Buff not bluff: how to be a wine expert
Author: Emily Miles
You won’t even need especially large pockets to accommodate this 112-page Penguin paperback: surely that’s not enough room to convincingly convey even the basics of wine? And yet, somehow, having stripped back anything that’s non-essential, Jancis has crammed this book with nuggets of information which will take novices through how to buy, taste and select different wines, how to store them, serve them and how to recognise different grapes, how to match wine with food and how to cut through all the “wine speak” and jargon.
While a pass-notes guide cannot hope to delve into topics in any great depth or detail, throughout the pared-back text you are aware of Jancis’s effortless expertise. She envisions readers using the book as a touchstone to inform a weekend of wine-tasting with a group of friends – a purpose it would serve admirably; equally the lone student could happily work through its pages. For those who have an appetite to learn, but don’t quite know where to start, The 24-hour Wine Expert offers a perfectly compact solution.
Who should pick up a copy of this book? Anyone who enjoys drinking wine and would like a shortcut to the essentials of the subject
You know better than most how infinitely complex the wine world is: with that in mind, we wondered whether it was easier to write a simple guide to wine such as The 24-Hour Wine Expert, or an in-depth one, such as your Atlas or the Oxford Companion? In many ways it was more difficult to boil wine down to the essentials and to answer the most common questions about it than to write my huge reference books. It didn’t take as long of course but I was frequently caught up short by the sort of questions non-professionals have. I realise how much I take for granted.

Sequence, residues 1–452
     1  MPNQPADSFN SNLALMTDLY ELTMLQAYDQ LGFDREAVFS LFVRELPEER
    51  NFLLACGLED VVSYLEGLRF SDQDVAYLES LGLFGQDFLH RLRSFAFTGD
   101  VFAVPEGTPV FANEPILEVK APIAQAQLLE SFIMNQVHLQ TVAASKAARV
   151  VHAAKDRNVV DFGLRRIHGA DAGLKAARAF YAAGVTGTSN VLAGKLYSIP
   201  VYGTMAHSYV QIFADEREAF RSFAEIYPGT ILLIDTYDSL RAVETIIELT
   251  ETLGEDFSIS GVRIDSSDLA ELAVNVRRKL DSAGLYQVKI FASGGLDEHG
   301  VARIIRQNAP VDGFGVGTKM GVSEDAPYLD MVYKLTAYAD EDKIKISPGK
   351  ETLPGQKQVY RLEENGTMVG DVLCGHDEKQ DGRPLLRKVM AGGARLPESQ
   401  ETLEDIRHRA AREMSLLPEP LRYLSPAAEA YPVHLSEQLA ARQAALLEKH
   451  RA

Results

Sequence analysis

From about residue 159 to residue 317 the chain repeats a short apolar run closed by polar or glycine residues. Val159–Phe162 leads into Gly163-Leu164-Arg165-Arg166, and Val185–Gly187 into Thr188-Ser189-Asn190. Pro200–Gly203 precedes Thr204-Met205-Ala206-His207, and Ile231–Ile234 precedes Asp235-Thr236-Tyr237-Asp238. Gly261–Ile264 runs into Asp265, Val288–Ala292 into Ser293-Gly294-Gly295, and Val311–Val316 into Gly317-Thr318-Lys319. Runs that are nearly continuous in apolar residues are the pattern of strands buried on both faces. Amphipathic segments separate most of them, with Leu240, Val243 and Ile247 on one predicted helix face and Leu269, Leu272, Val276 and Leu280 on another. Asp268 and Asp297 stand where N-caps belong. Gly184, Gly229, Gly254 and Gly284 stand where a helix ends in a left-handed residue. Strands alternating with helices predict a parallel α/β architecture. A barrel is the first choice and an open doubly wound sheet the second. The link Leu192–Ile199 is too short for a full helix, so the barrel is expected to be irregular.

What was the hardest thing to leave out? I honestly can’t answer that as I don’t think I have left anything essential out!
What single piece of advice in there do you hope readers will retain? Get to know your local independent wine retailer. (I know that I earn my living giving advice about wine but I always tell people the most useful thing to do is to establish a rapport with a local wine shop.)
What was the first nugget of information you gleaned about wine that got you interested in learning more? It was a wine itself that lit the flame: Chambolle Musigny, Les Amoureuses 1959
There’s lots of fantastic tips in the book. We were intrigued by the suggestion of Fino or Manzanilla Sherry as an alternative to Meursault: what was the thinking behind that? Full bodied, savoury, bone dry, oak aged – and not that different in terms of alcoholic strength
You cite Bordeaux’s first growths as overpriced. Do you think value can ever be found at the top end? And if not, then what is the future for Bordeaux? I don’t think the sort of people who buy Bordeaux first growths are looking for value; they are looking for luxurious status symbols. While the number of seriously wealthy people interested in wine continues to grow, then the future of the first growths is assured.
You’ve been writing about wine for long enough to have seen many regions come and go from being in vogue. In your book you describe Jura as ‘fashionable’ and Sicily as ‘exciting’ and Moldova as having ‘massive potential’; which emerging regions do you believe will be really on the wine map in a decade from now? England, Canada, Mexico and Brazil
If there was a piece of advice you could go back and give yourself when you were just starting to learn about wine, what would it be? When blind tasting, always go for your first guess.
Having read and digested The 24-Hour Wine Expert, where would you suggest readers go next? Their nearest good wine shop.
And finally… what’s the most interesting thing you’ve spent 24 hours doing? Believe it or not, I used to be a rock climber in my teens.
The 24-Hour Wine Expert by Jancis Robinson (Penguin, £4.99) is out now.